so he just let it all be and stayed in his room, studying hard. somehow that helped block everything out. in time, he discovered that he actually loved spending time with his books, his work, he read a lot… there seemed to be a world out there that had so much undiscovered. he spent hours reading of new things, cars, space, flying, films, music, fashion, his curious mind wanting to know more and shut out a world that had started closing in on him.
yet, pita ji was so dear to him. he frowned angrily as he thought that. angry with what exactly he didn’t know.
he bent and picked up a datura flower from the shrub.
the spiny stem grazed his fingers, a remembered sensation. he looked at the light blue petals for a while then he turned to gaze at the expanse of rocks and boulders all around, the light had begun to fall, an even grey had begun to coat the sunbaked yellows and ochres.
it was late october and the sun was setting earlier already. looked like a cold winter was on its way. he tossed the flower away and took a deep breath.
he’d come here looking to cool down a bit.
khushi stood on her toes on top of the step ladder, trying to reach the can of flour at the back of the shelf.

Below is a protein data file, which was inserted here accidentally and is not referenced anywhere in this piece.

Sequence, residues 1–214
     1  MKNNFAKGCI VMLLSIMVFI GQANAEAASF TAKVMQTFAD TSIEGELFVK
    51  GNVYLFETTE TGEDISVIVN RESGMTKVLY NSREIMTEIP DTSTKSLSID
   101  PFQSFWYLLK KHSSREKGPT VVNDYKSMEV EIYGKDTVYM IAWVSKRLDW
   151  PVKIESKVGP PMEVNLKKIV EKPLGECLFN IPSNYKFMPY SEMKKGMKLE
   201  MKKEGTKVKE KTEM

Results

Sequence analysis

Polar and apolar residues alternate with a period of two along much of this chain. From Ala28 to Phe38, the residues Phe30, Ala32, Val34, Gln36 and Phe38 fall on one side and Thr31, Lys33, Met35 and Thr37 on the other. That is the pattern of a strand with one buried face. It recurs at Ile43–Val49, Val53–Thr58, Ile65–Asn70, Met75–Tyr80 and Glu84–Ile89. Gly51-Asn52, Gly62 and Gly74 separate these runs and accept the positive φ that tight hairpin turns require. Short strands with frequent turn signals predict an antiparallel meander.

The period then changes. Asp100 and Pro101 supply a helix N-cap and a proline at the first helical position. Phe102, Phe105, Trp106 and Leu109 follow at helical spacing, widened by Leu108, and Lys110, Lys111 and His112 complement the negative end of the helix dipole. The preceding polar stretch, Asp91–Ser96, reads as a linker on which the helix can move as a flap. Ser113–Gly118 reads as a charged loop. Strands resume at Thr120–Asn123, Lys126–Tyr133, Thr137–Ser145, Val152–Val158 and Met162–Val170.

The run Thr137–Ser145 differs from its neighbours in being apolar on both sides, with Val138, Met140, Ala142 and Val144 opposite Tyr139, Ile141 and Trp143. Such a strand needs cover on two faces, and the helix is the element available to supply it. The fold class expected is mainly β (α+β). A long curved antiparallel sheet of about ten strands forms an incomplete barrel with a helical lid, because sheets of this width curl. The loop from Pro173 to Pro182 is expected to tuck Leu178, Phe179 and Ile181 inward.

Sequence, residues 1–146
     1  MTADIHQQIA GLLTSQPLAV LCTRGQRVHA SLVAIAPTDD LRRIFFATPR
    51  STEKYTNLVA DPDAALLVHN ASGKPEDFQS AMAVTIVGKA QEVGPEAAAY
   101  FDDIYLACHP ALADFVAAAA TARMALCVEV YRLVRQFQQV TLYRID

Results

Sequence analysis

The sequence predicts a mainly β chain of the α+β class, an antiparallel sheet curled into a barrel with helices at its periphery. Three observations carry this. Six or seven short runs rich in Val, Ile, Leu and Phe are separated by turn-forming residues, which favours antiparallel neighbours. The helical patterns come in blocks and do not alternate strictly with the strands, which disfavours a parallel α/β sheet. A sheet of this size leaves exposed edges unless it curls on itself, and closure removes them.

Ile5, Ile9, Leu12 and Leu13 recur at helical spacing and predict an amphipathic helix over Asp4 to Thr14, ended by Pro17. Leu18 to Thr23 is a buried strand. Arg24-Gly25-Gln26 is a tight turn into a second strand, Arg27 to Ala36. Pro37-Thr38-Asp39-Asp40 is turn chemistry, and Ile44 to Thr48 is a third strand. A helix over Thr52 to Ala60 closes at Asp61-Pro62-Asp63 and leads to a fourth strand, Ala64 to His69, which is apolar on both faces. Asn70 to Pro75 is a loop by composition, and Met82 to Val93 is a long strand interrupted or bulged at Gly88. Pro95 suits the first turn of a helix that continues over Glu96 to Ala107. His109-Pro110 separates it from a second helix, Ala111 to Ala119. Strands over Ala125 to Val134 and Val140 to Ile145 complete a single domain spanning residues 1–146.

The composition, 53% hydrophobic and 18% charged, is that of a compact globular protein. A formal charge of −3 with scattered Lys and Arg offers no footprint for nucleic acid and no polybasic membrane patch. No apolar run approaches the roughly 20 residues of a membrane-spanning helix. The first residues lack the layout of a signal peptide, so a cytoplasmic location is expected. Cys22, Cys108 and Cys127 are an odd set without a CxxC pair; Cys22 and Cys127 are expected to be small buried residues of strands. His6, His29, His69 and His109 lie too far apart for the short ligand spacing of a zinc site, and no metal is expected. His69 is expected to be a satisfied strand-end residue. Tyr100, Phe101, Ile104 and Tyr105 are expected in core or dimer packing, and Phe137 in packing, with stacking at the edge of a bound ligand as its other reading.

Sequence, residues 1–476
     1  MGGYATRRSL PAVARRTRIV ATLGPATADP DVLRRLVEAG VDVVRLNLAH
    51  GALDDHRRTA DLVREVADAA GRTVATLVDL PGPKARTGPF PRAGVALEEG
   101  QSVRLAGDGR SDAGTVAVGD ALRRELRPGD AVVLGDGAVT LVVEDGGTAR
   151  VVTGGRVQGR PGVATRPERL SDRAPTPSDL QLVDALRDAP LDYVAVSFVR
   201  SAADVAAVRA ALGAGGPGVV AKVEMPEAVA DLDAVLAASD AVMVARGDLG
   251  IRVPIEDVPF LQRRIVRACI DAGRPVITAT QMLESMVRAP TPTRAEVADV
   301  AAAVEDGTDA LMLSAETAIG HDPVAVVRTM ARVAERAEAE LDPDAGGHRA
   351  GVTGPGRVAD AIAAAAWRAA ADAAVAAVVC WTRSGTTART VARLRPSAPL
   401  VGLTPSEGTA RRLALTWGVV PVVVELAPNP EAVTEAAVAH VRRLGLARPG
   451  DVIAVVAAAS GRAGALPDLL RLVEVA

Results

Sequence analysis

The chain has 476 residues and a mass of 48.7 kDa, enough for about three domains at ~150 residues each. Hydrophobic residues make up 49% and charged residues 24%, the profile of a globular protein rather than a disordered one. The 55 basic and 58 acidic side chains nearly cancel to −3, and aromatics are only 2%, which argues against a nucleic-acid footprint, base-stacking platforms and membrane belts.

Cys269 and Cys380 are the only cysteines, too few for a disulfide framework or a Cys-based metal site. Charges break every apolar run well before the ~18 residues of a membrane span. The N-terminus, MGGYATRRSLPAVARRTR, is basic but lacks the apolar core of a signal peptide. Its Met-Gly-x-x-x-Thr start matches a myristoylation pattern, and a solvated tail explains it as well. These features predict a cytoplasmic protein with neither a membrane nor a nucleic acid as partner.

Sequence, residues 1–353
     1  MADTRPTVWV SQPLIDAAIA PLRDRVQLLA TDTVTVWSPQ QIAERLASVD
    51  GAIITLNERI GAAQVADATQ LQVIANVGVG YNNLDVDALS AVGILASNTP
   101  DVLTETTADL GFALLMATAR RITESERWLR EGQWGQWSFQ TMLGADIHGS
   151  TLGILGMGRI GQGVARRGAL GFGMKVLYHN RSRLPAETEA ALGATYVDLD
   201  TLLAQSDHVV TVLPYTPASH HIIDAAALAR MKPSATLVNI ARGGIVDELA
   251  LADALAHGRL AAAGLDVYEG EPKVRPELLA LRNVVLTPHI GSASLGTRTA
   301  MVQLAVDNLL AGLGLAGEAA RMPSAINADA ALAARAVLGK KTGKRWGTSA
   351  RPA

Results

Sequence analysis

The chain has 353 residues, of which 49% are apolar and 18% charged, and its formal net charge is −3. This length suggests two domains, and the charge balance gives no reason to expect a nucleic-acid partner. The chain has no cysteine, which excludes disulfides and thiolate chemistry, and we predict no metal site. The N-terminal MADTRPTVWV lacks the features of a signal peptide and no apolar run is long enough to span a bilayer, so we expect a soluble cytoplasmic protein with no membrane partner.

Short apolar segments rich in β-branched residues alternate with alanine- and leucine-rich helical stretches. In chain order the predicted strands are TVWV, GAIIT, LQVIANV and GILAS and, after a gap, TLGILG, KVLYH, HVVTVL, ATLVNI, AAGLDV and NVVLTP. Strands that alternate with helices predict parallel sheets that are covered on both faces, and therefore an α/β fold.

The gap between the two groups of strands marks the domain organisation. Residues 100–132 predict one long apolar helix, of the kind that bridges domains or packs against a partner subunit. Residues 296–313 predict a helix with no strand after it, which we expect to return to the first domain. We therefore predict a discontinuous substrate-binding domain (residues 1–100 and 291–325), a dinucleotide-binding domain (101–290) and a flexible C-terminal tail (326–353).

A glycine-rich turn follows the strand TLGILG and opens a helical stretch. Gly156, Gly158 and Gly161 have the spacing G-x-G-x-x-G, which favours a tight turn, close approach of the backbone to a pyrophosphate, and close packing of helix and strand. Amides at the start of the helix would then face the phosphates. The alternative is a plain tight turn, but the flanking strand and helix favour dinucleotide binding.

“hey devi maiyya, yeh hari prakash ji bhi na, itna upar maida rakh diya unhone… ”
(hey devi maiyya, this hari prakash ji huh… how high up there he’s stored the flour…)
she pulled out the tin and was about turn when she heard his voice,
everything went upside down inside her, it was him! what was he doing here? she swallowed hard and lost her balance. she teetered precariously for a second, before losing control completely and beginning to fall.
he leaped across from where he was at the entrance to the kitchen and held out his arms to catch her. she fell into them and the momentum carried them both backward, they fell on the kitchen floor, entangled and winded. the flour tin crashed to the floor and opened, plumes of white powder rose and scattered everywhere. there was flour on her hair, her face, her clothes, some on him too. Thank goodness they had one of the best steam mop for tiles on hand ready to help clean up the mess they caused from falling and knocking the flour!
khushi saw the white smeared across his dark grey jacket and closed her eyes in horror.
“hey devi maiyya,” she called out to her saviour silently, “yeh humne kya kar diya, ab laad governor itna chillayenge…”
(hey devi maiyya, what have i done, now laad governor will shout so much…)
when he opened his eyes he saw her looking at him terrified, only one eye open; a hazel eye most apprehensive, pink lips quivering, and she seemed to be muttering something, flour on one cheek and all over her hair.
she looked a little crazy and so terribly desirable, his breath caught.
he groaned involuntarily and pulled her close, covering her lips with his, a devouring hunger in him.
his arms held her tight and crushed her against his body, her skin felt so soft where her arms brushed against his. his right hand roamed her body, urgently stroking her back, her waist, moving down to her thighs...
khushi was completely taken aback at first. what was he doing? kissing her here in the kitchen? on the floor? what if someone came? if someone…?